Imperial Italic 'G'
Imperial Italic 'G'
This helmet is well researched and historically accurate,preferred for the Legio VI Victrix Pia Fidelis (California) reenactment group, which portrays a legion during the reign of Hadrian (AD 117-138).
Descripion: Imperial Italic G helmet of 18 gauge steel. Shipping Weight: 8kg. The steel cross bracing affords greater head protection. Hinged cheek flaps, neck plate, and small forehead visor are enhance by the brass detailing.
Historical Period: AD 100-150.
Inspiration: Distinct type helmet was found in a cave near Hebron, Israel.
The Roman Imperial Italic G Helmet was said to have been found in a cave near Hebron, perhaps lost by a Roman legionary during the Bar Kochba Rebellion of 132-135 AD. Its incorporation of cross-bracing on the cranium is in keeping with a trend seen in other helmets of the early second century AD and beyond. This was perhaps initiated in response to the Dacians' deadly two handed scythe, the falx, encountered by Romans during Trajan's Dacian Wars in 101-102 AD and 105-106 AD.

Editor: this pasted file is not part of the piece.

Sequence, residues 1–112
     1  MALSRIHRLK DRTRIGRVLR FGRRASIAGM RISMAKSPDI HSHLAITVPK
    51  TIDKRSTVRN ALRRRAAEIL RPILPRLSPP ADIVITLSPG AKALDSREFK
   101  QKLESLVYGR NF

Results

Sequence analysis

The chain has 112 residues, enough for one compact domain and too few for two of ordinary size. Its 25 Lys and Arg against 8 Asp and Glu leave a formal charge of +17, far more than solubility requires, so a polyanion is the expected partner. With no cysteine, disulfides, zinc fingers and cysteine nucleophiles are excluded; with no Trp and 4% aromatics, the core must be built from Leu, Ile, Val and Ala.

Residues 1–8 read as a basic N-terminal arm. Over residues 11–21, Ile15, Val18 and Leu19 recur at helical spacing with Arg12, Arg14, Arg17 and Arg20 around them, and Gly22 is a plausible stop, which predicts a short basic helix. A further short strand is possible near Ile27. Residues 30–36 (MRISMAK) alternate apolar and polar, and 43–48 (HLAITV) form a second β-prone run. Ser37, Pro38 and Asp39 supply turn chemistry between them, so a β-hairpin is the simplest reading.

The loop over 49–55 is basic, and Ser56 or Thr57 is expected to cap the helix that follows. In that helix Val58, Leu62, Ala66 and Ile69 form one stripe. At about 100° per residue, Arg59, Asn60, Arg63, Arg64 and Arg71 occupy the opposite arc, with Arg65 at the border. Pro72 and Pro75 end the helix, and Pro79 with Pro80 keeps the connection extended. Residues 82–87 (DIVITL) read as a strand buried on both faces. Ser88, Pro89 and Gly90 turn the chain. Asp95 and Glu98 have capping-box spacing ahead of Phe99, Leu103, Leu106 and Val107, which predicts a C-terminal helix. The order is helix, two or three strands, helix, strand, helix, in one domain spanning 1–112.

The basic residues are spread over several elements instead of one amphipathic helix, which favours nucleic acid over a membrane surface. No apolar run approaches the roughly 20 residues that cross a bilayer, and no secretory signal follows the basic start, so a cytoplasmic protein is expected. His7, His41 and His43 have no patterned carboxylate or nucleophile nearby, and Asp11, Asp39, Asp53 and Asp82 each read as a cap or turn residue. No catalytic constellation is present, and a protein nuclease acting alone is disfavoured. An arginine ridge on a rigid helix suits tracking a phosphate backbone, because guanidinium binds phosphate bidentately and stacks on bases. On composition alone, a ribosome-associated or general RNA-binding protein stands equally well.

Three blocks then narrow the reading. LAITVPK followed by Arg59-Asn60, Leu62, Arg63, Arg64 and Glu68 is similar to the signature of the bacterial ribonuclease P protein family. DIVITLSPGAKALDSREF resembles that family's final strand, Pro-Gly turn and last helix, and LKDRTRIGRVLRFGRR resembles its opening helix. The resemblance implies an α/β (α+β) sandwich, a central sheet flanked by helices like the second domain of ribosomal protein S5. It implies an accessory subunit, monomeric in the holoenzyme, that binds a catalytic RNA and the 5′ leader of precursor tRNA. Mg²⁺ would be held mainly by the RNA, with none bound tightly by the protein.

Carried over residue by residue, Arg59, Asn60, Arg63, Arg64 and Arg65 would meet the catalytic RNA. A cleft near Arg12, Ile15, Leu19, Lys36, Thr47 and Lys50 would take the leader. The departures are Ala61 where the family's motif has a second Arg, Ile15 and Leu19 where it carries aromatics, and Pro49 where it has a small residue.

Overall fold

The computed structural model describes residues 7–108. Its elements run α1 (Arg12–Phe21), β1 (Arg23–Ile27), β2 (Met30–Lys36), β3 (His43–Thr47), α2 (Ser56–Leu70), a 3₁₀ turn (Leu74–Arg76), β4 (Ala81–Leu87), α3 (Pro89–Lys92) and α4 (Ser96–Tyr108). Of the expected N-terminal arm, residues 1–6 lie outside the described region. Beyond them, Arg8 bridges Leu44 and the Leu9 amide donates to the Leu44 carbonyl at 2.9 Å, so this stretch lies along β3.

The original helmet was found in a cave near Hebron and it is presumed that it may have been lost at the time of the Jewish uprising against the Romans in the years 132 till 135 AD.
While the thin brass cross-bracing on the Italic D was more decorative than functional, the heavy iron bars found on the Italic G were definitely intended to stop or deflect an overhead blow. The attractive lunate appliqués on the skull indicate the cross bracing was a part of the helmet's original manufacture, rather than a "field retrofit" as found on at least one surviving Imperial Gallic helmet.
Cross-bracing on the cranium.
Brass lunate appliqués on the skull plus other brass detailing.
No provisions for mounting a crest.
Preferred helmet for the Legio VI Victrix Pia Fidelis (California), which portrays a legion during the reign of Hadrian (AD 117-138).
Shipping Weight: 8kg